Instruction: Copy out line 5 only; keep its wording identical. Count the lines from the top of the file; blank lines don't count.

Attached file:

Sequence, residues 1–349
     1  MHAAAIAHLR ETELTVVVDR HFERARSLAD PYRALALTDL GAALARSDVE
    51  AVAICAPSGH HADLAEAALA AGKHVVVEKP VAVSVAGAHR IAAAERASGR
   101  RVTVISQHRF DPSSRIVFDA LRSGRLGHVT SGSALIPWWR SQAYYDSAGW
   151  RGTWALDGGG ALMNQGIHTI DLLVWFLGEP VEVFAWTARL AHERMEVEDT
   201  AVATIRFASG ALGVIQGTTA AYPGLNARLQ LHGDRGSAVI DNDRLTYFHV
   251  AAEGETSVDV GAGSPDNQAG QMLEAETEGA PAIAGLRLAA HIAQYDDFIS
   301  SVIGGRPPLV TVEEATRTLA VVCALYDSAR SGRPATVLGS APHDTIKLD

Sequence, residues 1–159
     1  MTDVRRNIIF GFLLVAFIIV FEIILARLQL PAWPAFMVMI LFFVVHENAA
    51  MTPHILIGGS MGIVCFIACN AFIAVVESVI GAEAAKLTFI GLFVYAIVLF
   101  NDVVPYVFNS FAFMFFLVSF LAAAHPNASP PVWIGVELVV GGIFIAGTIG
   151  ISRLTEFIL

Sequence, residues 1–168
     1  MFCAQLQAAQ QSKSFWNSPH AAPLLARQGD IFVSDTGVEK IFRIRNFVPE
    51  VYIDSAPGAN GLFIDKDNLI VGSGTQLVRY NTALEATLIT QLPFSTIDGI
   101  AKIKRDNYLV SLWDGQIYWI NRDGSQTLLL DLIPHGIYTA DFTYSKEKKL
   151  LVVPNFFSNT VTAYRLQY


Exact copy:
   151  RGTWALDGGG ALMNQGIHTI DLLVWFLGEP VEVFAWTARL AHERMEVEDT